Sounds campy? Well of course it is! Cheesy as hell? Damn right! Good fun? You bet-cha! Black Sheep is low budget and one laugh after another. What is funnier than an infected person not only turning into a blood-thirsty zombie, but also turning into a zombie-sheep-man? There is plenty of blood and gore to go around. There are comedic moments to enjoy. And of course there are moments in the movie where you will go “Ewe!” (LOL Sheep jokes… HA HA HA!) I give this feast 4.5 out of 5 Nerdskulls. It’s definitely worth a watch.
Check out the trailer for a “taste:”
Cemetery Man (1994)
In the spirit of full disclosure I have decided to come clean right off the bat: I have issues with zombies. Like, bordering on a phobia, so I tend to shy away from the genre in general. However, I also like to face my fears and overcome them. So it makes me very happy that there are filmmakers who like to exploit the absurdities of the zombie idea. Shaun of the Dead and Dead Snow were both essential to my “therapy,” and I love both of those films. But before either of these films were even a twinkle in their director’s eyes, there was Dellamorte Dellamore, or Cemetery Man to us English speakers.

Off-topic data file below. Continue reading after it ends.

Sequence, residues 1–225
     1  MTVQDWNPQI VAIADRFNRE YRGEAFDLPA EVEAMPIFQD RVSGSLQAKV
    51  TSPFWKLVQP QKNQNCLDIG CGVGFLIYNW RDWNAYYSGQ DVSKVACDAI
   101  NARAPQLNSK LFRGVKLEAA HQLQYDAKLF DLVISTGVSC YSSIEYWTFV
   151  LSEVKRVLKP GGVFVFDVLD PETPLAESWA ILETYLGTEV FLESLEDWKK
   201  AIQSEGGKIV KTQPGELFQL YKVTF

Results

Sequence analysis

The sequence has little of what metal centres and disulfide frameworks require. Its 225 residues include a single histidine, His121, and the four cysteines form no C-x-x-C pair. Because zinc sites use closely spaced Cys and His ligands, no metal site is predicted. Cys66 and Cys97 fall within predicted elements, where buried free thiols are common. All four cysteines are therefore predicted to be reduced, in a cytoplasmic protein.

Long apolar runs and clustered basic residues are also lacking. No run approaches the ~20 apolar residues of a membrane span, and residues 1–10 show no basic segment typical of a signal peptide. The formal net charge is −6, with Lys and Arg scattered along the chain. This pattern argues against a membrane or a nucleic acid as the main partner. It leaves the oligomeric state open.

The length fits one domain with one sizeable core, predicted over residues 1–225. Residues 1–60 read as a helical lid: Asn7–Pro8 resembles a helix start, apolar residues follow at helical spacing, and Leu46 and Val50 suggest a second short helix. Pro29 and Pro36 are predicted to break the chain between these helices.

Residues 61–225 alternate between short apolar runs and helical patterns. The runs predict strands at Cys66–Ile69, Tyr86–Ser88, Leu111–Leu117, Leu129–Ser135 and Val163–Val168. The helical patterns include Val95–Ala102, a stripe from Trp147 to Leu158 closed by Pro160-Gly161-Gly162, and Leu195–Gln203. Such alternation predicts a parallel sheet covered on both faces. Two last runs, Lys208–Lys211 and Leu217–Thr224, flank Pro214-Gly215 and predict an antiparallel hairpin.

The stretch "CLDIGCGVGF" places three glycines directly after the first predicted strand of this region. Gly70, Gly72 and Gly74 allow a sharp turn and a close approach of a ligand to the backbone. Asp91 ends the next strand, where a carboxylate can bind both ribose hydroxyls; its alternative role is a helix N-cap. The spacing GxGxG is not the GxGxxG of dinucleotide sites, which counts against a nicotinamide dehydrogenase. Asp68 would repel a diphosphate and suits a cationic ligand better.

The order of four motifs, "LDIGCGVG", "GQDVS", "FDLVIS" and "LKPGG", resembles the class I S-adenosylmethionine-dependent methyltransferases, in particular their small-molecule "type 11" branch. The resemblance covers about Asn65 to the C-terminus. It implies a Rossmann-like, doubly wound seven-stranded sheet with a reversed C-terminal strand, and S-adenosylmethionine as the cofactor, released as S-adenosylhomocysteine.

Francesco Dellamorte, played by Rupert Everett, is a cemetery caretaker in a small Italian village. This cemetery, however, is special. For some undisclosed reason those who are buried there tend to reanimate within seven days of their death. Francesco’s job is not just to take care of the cemetery, it turns out. It is to protect the town from being overrun by the undead. But only he and his mentally-handicapped assistant, Gnaghi, seem to be aware that this is even happening. While the town continues to exist in glorious denial about the whole thing, Francesco and Gnaghi simply take it in stride. It’s just their job, they get paid to do it. This is how the movie opens. This is the normal world in which we find ourselves, which is one of the reasons I like this movie so much. It’s not a normal world into which, oh my god, ZOMBIES are suddenly here! What do we do? No no, zombies are the norm, so the question becomes, where do we go from here?